Budget analysts claim that it’s all about the money, but often-maligned strategists know that the U.S. Department of Defense is actually ruled by words. Every few years the U.S. defense community latches on to a new term that influences the efforts of the armed services, the Office of the Secretary of Defense, the Joint Staff, and the various agencies, labs, think tanks and others responsible for building and maintaining the U.S. military enterprise. Words move money.

Every few years, often at the beginning of an administration, a new buzzword emerges: “revolution in military affairs,” “transformation," “third offset,” or even “counter anti-access and area denial.” At their root, each of these terms has sought to drive efforts to improve U.S. military capabilities to deter and, if necessary, defeat sophisticated adversaries.

Buzzwords encapsulate a series of more complex ideas into a handy label, but bring with them the danger of conceptual confusion. Different actors in the defense community appropriate the buzzword and use it to advance their own goals, which may or may not conform with the term’s original meaning or intent. This is how we get howitzers.

Different actors use the buzzword to mean different things, which can create confusion among those who make and implement policy. It’s a trite but true statement that the world is a complex place, and conceptual confusion makes everything more difficult. Poorly understood terms waste time, money and, potentially, lives. The American defense enterprise is likely to continue to rely on buzzwords, so we should do all we can to make them more rather than less meaningful. If we can’t get rid of buzzwords, at least we can try to make them useful.

The latest buzzword, “multidomain,” is not even a complete term. We have seen “multidomain battle,” “multidomain operations” and “multidomain maneuver,” “multidomain command and control,” with each construction meaning different things to different people.

Some seem to think that multidomain is about bringing space and cyber capabilities to support the ground fight. Others argue that multidomain is about bringing together command and control of air, space, and cyber, and about training a new generation of multidomain officers. On top of that, there is new interest in how artificial intelligence, robots and perennial favorite lasers can help win wars. Some of these capabilities will work and some will not, and the United States should consider moving forward in a way that can adapt to the inevitable combination of technological success and failure.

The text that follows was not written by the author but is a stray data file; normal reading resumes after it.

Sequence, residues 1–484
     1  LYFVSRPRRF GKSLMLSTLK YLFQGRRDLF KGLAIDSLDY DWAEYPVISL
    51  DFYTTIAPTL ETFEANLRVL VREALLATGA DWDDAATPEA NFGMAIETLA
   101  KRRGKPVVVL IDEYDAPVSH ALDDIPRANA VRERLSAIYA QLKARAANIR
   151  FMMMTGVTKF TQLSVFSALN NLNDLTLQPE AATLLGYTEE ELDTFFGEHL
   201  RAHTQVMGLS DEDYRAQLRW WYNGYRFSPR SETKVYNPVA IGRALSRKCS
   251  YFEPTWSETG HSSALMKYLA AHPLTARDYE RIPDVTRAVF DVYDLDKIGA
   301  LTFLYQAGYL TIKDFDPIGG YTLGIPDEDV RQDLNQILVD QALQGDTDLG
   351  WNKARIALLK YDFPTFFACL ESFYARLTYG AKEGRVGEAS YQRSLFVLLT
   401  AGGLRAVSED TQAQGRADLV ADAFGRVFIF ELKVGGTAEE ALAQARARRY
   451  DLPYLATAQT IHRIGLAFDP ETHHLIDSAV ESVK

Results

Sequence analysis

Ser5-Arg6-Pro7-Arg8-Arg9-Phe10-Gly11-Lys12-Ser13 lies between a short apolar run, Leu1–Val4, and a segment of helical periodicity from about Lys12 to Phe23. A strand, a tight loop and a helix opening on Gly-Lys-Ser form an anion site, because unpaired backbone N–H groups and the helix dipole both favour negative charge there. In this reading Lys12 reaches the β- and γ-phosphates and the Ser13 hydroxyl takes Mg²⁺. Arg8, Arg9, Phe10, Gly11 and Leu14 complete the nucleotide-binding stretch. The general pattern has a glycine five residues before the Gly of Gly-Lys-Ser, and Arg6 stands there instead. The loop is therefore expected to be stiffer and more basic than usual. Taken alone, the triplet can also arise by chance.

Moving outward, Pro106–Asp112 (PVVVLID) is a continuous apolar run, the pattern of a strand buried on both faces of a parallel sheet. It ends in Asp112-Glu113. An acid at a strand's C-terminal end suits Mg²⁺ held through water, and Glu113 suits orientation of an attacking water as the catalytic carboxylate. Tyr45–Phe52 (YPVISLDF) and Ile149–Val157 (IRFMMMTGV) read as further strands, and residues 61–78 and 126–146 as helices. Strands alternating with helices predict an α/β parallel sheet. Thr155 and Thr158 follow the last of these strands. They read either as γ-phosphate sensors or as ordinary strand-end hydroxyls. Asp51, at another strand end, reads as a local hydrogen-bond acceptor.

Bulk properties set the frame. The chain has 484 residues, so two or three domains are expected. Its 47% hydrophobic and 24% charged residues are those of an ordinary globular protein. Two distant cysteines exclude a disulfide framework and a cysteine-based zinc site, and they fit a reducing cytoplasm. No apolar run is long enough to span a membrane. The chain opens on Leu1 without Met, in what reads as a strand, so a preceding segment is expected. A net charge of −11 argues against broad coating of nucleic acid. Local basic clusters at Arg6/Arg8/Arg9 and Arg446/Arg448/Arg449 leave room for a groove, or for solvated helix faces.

Defense community curmudgeons, and there are many, will point out that the United States has already been coordinating military operations across domains. After all, humans have used armies and navies in tandem for thousands of years. Arguably, nearly 115 years after the invention of powered flight humans are still learning how to incorporate the air domain into warfare. The use of space is even more recent, dating from the 1957 launch of Sputnik, and cyber is undoubtedly in its infancy, employed for espionage and other malicious purposes since its inception.

It may be impossible to clear up the latest conceptual confusion facing the U.S. defense community, but there we can dial it down, manage expectations and move forward more sensibly. Given the vast sums of resources involved, the lives at risk, and the stakes involved in promoting U.S. international leadership, it is important to get this as right as possible.

A more nuanced understanding of multidomain along these lines could help the Department of Defense improve its ability to defeat high-end adversaries. Allowing conceptual confusion to continue and to grow could jeopardize progress and eventually relegate multidomain to the ash-heap of buzzwords that may only interest historians, retired bureaucrats and defense geeks.

To make multidomain useful, it has to be meaningful. Let’s propose that multidomain operations are those that bring together capabilities from at least two of the following domains: air, cyber, land, sea, space and the electromagnetic spectrum. The current focus on multidomain rises from a growing sense that the space and cyber domains will have an important impact on future military operations. Both threats and opportunities are at play here.